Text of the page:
The women’s movement is a global phenomenon.  Women have had to fight in every epoch to claim their place in history.  In the seventeenth century, when enlightened Europe was de­manding equality, it was ignoring the subordination of women.  The most glaring omission was the French Revolution, which, despite the active participation of thousands of women, did not address their specific concerns.  It was left to a French woman revolutionary, Olympe de Gouges, to proclaim the “Rights of Women and the Female Citizen” to counter the French Revolution’s Declaration of the Rights of Man and Citizen. 

Many women were involved in the movements to abolish slavery.  Indeed, the achievements and momentum of the antislavery movement added to the energy that was building interna­tionally to push for increased rights for women.  While the primary emphases of the women’s movement in these early years were civil and political rights, work issues—particularly the conditions for women in the factories of the industrial revolution—were also important con­cerns.10  Women in different countries agitated in various forms for the improvement of con­ditions for women.  While waging a struggle for their own equality, women have contributed immensely to ending slavery, economic exploitation of the working class, and colonialism.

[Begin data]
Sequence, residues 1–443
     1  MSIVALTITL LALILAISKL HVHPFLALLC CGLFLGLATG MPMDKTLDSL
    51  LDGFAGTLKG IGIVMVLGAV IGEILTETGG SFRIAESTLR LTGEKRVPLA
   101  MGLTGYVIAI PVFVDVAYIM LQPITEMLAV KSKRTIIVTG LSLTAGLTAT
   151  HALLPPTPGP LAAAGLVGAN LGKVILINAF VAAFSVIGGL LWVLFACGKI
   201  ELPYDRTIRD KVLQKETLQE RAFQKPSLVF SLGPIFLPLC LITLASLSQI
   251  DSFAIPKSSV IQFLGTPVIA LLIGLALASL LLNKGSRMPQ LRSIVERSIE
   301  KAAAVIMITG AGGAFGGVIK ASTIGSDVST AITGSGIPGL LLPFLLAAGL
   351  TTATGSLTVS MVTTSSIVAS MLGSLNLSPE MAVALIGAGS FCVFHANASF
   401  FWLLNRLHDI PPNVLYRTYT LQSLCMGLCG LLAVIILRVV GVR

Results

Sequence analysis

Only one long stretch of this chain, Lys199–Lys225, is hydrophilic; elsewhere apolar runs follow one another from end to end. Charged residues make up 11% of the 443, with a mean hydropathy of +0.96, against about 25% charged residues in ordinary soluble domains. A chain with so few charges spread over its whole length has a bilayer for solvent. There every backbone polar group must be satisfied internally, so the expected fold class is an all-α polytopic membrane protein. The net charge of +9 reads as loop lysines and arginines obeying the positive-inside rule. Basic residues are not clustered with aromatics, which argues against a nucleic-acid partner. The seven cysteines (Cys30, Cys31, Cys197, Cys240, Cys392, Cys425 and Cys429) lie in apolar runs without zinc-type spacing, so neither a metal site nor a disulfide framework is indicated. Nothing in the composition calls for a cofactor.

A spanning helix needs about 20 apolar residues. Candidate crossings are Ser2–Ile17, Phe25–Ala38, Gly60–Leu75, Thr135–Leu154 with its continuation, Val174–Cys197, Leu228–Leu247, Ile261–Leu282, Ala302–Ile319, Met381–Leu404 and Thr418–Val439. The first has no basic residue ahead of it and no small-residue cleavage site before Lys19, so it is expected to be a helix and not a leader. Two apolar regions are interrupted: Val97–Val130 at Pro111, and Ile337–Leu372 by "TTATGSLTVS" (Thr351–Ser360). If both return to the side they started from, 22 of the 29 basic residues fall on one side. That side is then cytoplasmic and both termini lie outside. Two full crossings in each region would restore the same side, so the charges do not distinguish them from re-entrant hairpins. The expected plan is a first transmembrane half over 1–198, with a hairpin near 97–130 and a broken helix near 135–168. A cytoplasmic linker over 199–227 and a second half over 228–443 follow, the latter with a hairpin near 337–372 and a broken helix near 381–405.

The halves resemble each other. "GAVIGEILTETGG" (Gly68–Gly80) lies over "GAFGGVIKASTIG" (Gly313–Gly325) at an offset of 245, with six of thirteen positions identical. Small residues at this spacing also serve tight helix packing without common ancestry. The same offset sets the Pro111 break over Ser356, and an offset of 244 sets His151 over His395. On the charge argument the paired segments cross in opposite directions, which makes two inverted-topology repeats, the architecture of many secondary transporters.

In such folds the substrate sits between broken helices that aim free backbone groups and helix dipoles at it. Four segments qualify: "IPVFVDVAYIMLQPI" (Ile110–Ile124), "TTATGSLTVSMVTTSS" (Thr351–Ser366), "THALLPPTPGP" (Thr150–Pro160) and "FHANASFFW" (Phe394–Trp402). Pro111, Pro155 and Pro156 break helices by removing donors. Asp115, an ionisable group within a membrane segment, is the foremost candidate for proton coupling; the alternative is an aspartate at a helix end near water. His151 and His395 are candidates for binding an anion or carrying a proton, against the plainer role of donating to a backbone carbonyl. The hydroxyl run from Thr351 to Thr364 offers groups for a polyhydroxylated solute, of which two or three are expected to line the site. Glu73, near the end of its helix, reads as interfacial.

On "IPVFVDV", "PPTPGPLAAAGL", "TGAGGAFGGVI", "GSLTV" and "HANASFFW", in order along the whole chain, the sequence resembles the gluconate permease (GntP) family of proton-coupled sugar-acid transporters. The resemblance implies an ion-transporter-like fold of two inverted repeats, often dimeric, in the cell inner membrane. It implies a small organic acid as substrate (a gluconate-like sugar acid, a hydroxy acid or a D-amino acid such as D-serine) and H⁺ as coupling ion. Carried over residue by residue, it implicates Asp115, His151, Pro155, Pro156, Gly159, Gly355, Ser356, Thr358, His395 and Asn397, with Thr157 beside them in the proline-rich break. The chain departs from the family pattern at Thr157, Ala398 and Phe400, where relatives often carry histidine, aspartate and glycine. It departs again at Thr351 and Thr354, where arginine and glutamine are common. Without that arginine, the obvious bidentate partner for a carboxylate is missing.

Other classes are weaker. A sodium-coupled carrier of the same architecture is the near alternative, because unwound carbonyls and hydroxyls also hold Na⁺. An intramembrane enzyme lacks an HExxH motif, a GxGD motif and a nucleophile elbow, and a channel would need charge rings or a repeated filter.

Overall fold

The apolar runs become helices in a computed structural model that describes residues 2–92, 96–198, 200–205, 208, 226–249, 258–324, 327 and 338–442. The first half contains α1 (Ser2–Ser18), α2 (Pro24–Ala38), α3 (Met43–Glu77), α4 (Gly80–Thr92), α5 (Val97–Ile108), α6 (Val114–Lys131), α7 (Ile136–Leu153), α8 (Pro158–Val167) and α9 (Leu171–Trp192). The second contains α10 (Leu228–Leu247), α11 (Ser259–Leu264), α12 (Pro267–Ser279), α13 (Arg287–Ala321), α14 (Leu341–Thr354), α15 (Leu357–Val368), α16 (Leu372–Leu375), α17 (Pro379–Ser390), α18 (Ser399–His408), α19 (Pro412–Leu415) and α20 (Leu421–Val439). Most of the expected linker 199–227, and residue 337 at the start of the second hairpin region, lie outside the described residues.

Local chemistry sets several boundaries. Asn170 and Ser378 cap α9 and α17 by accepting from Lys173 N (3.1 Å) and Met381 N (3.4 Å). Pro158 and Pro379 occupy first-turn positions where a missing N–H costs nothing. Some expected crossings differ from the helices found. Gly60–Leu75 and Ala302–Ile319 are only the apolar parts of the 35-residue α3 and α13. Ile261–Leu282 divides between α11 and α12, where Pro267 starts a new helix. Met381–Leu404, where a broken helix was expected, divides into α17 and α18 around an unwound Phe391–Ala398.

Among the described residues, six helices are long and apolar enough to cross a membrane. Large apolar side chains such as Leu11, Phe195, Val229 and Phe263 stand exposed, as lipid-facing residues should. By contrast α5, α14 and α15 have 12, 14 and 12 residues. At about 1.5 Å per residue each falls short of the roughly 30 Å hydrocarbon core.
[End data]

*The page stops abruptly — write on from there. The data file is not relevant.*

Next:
Establishment of the International Labour Organization

During the nineteenth century reform laws related to working hours and conditions were passed in a number of countries.  However, the continuing threats and realities of labor unrest pressured industrialists and governments to consider further measures.  Between 1890 and 1905 several meetings were held in which governments and industrialists addressed the pos­sibility of standardized international labor legislation.  Finally, in 1905 and 1906, the first two international labor conventions were adopted.11 

Initiatives to draft and adopt further conventions were interrupted by World War I.  In order to maintain war-production strength and “unity” on the home front during the war, govern­ments made various promises related to social and economic rights to follow the end of hos­tilities.  During these same years, a number of international conferences of workers devel­oped a list of basic demands related to working conditions and other issues.  Furthermore, the threat posed by the Russian Revolution generated considerable pressure on governments to respond to worker demands.  Thus, during the Paris Peace Conference, governments estab­lished a Commission on International Labour Legislation, one of whose proposals was the establishment of the International Labour Organization (ILO).12  This proposal was adopted in final form as part of the Treaty of Versailles ending the war.